Ah, bedtime. Time to slip on our jammies, curl up with a good book, send a few last texts to our friends, and then turn out the lights. And what's the last thing most of us do? We plug our electronic devices into their chargers on the nightstand so we can grab them first thing in the morning.
That's exactly what I used to do. But now, I make my phone and my tablet sleep in another room.
No, we didn't break up. I still love them dearly, and we'll always be together. (Well, at least until the next models come out.) But I recently found out that in the sack, our relationship just wasn't healthy.
Why? Because they messed with my hormones. And they did this in ways that could make me gain weight, cause me to lose sleep, or even put me at higher risk for diabetes.
I know it sounds crazy, but it's true.
Here's the story. The light emitted by your phone or tablet alters your levels of melatonin, your "sleep" hormone. Normally, this hormone rises at night and drops during the day. But when you expose yourself to certain colors of light at night -- including the blue light emitted by screens and by devices you're charging -- you mess with this cycle.
This is a very bad thing, because melatonin plays a crucial role in everything from how long you sleep to how hungry you are. In fact, new research shows that exposure to melatonin-suppressing blue light can make you hungry within 15 minutes, and your increased hunger can last for nearly two hours.
(Yep. Are you seeing the connection between bedtime tablet and phone use and those "midnight munchies"?)
And here's an even more alarming scientific finding: By altering your melatonin cycle, nighttime light exposure from phones and tablets may put you at risk for diabetes. This doesn't surprise me at all, because our sleep-wake cycle is one of the most powerful forces in nature. Our entire body chemistry -- hormones, neurotransmitters, blood glucose levels, you name it -- responds to this cycle. Combine mixed-up biochemistry with increased hunger, and it's a short step to obesity and diabetes.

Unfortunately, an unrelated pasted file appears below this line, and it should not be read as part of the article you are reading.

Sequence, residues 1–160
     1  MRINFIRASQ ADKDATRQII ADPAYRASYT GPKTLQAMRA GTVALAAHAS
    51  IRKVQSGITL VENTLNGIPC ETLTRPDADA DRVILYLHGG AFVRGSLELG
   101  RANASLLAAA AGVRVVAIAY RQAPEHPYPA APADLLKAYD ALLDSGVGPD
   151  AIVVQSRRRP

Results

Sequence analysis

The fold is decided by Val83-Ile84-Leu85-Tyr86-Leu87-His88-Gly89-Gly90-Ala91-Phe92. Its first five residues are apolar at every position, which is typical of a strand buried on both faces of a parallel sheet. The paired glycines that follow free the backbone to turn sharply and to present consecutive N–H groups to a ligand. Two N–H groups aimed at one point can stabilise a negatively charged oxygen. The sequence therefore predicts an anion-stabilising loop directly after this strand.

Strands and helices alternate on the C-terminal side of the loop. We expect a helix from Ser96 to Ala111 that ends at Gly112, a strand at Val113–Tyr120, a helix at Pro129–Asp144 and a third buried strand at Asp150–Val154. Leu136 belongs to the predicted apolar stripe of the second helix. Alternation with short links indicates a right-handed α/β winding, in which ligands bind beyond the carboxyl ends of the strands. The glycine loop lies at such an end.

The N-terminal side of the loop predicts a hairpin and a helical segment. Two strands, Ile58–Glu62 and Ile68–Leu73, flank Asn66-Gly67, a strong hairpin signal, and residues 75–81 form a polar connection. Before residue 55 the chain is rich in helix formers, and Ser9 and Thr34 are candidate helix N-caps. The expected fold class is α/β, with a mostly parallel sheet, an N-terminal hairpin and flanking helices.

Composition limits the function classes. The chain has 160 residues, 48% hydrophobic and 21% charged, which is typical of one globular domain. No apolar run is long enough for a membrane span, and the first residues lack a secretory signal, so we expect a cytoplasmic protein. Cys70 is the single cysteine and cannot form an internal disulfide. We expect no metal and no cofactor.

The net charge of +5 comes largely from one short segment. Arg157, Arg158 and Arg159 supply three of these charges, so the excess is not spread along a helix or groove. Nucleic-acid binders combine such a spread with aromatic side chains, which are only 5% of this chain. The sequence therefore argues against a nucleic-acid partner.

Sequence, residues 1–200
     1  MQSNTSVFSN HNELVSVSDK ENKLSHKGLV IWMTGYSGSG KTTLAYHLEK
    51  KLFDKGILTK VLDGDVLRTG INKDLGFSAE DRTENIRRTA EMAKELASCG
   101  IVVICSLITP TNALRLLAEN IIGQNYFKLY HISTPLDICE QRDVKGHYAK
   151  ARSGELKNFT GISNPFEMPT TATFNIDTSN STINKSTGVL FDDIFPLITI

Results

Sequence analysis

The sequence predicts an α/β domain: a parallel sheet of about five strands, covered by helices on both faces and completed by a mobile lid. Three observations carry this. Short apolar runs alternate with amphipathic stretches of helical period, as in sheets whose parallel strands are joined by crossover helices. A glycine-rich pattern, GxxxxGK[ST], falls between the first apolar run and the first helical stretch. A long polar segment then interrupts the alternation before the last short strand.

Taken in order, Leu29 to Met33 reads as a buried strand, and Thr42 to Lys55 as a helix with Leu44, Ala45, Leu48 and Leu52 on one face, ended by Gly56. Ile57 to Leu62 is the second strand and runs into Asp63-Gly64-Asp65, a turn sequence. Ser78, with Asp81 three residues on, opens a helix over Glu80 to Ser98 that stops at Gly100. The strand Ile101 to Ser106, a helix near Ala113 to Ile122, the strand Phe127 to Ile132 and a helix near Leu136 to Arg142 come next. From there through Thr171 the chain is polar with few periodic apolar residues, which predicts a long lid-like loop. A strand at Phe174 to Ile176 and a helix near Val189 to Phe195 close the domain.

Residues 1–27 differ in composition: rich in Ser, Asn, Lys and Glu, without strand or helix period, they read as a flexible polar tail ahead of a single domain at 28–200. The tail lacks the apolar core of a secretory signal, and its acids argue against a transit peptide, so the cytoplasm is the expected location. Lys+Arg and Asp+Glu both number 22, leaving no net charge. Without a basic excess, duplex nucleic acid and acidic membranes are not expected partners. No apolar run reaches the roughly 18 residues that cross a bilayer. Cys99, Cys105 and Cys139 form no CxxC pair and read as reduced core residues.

How serious is this problem? An earlier study found that mice exposed to even dim light at night gained 50 percent more weight than mice kept in total darkness. The light-exposed mice also started showing signs of glucose intolerance, the first step on the path to diabetes.
So... what's the solution? Here's what I recommend.
• As much as you can, do your electronic reading, texting, and work during daylight hours -- the time when your melatonin is supposed to be low. (Also turn off the TV as early as possible.)
• Charge your tablet and phone in a separate room. Yeah, it's a pain to have to jump out of bed and grab your phone if it rings at 2 a.m. (I've cussed more than once when I stubbed a toe making that mad dash.) But if it keeps you healthier and thinner, it's worth it.
• Banish other lights as well. If there's a streetlight outside your window, get blackout curtains. And if light from other rooms in the house sneaks in under your door, put a towel there to block it.
• If you need to use a nightlight, put a red bulb in it. Red light doesn't mess with your melatonin levels.
• If you have to be around electronic devices at night, or there are other lights you can't block, try taking supplemental melatonin. Just be sure to buy a high-quality brand.
I know that if you're used to having your phone and tablet right at hand at night, parting with them -- even for a few hours -- is hard. We've all experienced electronic "separation anxiety."
But trust me: When you turn off your devices early in the evening, and exile them from your bedroom at night, you'll sleep better. Better yet, you could stay thinner and healthier. And don't worry: They'll still love you in the morning.